Cathy Toll, Ph.D.

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Cathy Toll, Ph.D.

 

Cathy Toll, Ph.D.

Assistant Professor

Graduate Program Coordinator 

Areas of Expertise 
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Doctor of Philosophy

Pennsylvania State University, 1998

Office: N/E 310
Phone: (920) 424-2478
Email: tollc@uwosh.edu (preferred method of contact)

  • Literacy coaching
  • Educational coaching
  • Professional learning teams/communities
  • Teacher professional development
  • Literacy leadership
  • Learnership: School leadership for learning
  • Administrator support of literacy learning
  • Administrator support of coaching and professional learning teams/communities
  • Literacy program evaluation and development
  • Literacy assessment
  • Planning for literacy learning
  • Literacy instruction PK - 12

I was born in Fond du Lac and knew from a young age that I wanted to be a teacher, inspired by my own experiences with those who helped me learn. I began my professional life as a classroom teacher in northeast and central Wisconsin and taught students in elementary, middle, and high schools. During that time I accepted opportunities to serve as a teacher leader, thus expanding my goals to include making a difference for teachers as well as students. This work continued as I became a curriculum leader, reading specialist, school principal, university professor, grant director, state department of education specialist, and consultant. In several of these roles I began using coaching tools as I partnered with teachers and supported them to meet their goals.

When it was time to pursue doctoral studies, I knew from the start that I wanted to focus upon teacher professional learning. My attention centered upon questions about how to support teachers’ learning, as well as questions about why so many efforts toward “professional
development” were unsuccessful. At that point in my career, I had no doubt that teachers were the key people in helping students to succeed in school, and I knew that I wanted to devote the rest of my career to considering how to support teachers’ work.

An exciting turning point in my efforts occurred when I began coaching educational coaches. In this capacity, I found myself helping teacher leaders to partner with teachers in ways that were unique to my work. I recognized that I had a book “in me,” a book to help literacy
coaches understand coaching and develop strategies for effective coaching. This book, The Literacy Coach’s Survival Guide: Essential Questions and Practical Answers, became a best seller, and I discovered with joy that I was helping to define the field and the work of coaching in schools. I have since written four more books for educational coaches and those who support them.

My work has now expanded beyond educational coaching to include work with professional learning teams. As I have studied teacher professional learning and developed the Ancora Imparo Model (AIM) to describe it, I have come to understand that learning rarely, if ever, occurs in isolation. Rather, learning is often made possible and almost always enhanced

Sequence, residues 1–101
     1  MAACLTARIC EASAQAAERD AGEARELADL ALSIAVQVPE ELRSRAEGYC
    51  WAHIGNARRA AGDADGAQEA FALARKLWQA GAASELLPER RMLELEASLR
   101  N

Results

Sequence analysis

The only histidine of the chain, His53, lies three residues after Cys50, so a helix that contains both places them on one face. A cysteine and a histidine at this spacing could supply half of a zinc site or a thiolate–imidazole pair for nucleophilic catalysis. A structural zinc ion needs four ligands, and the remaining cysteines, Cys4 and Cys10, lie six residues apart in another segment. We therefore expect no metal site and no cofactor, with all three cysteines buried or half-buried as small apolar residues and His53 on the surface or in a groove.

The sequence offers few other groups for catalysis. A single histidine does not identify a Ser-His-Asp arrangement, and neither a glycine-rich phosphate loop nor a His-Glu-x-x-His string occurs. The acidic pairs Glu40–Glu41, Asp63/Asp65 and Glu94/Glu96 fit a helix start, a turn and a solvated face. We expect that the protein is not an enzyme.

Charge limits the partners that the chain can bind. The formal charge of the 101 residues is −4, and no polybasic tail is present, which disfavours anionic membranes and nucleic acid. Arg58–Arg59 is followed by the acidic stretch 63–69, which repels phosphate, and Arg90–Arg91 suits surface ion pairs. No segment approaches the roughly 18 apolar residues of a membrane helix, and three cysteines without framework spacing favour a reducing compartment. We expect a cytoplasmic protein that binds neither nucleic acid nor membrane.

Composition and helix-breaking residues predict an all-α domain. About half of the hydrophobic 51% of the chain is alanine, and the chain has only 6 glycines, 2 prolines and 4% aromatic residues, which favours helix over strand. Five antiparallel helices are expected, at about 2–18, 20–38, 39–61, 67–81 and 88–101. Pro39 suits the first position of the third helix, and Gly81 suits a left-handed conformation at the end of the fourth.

when people interact with others. In the workplace, professional learning teams offer this kind of collaboration.

Overall, the task that is key to life in schools is learning, yet too often educators and students get distracted by other matters. Ensuring attention to learning and providing leadership for enhanced learning is what I call Learnership. It is the priority task of effective principals, curriculum leaders, educational coaches, and teacher leaders. The tools and perspectives for Learnership to succeed are in my fifth book, Learnership: Invest in Teachers, Focus on Learning, and Put Test Scores in Perspective.

As a faculty member, I work with undergraduate and graduate students. I enjoy the enthusiasm and hope that those preparing to teach bring to the classroom. As well, I love the immediacy of graduate students’ learning, as they strive to make a difference in their classrooms at the very moment of their coursework. I want to help teachers and future teachers explore the questions they bring to class while gently stretching themselves to consider previously unexplored issues, practices, and qualities that may enhance their effectiveness and their growth as leaders.

As a scholar, I continue to test my AIM model of professional learning and its implications for teachers. In addition, I seek to better understand outcomes of educational coaching and to theorize the effects of beliefs on professional learning.

As a member of the educational community in Wisconsin and beyond, I continue to look for ways to support educator professional learning through my work with educational coaches, professional learning teams, and school administrators.

Date of First Employment at UW Oshkosh: 1989 (adjunct); 2015 (tenure-line faculty)
Years of P-12 Experience: 16 Years

Classes Typically Taught

  • Literacy & Language for Young Children
  • Literacy in the Elementary School 
  • Literacy Assessment
  • Administration & Supervision of Literacy Programs
  • Methods & Models in Literacy Coaching
  • Research for the Literacy Professional
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